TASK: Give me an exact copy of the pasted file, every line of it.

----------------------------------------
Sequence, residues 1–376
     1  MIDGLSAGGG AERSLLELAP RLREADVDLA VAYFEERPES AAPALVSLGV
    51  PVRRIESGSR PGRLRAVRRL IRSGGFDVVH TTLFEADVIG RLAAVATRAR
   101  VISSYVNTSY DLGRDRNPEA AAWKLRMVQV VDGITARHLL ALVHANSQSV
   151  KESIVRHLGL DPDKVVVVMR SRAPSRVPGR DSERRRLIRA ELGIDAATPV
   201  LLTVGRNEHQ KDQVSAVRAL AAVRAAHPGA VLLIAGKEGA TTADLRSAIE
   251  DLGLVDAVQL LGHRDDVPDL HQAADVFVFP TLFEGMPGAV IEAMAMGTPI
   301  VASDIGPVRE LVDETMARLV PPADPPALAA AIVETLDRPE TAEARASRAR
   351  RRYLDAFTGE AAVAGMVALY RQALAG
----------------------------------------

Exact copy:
Sequence, residues 1–376
     1  MIDGLSAGGG AERSLLELAP RLREADVDLA VAYFEERPES AAPALVSLGV
    51  PVRRIESGSR PGRLRAVRRL IRSGGFDVVH TTLFEADVIG RLAAVATRAR
   101  VISSYVNTSY DLGRDRNPEA AAWKLRMVQV VDGITARHLL ALVHANSQSV
   151  KESIVRHLGL DPDKVVVVMR SRAPSRVPGR DSERRRLIRA ELGIDAATPV
   201  LLTVGRNEHQ KDQVSAVRAL AAVRAAHPGA VLLIAGKEGA TTADLRSAIE
   251  DLGLVDAVQL LGHRDDVPDL HQAADVFVFP TLFEGMPGAV IEAMAMGTPI
   301  VASDIGPVRE LVDETMARLV PPADPPALAA AIVETLDRPE TAEARASRAR
   351  RRYLDAFTGE AAVAGMVALY RQALAG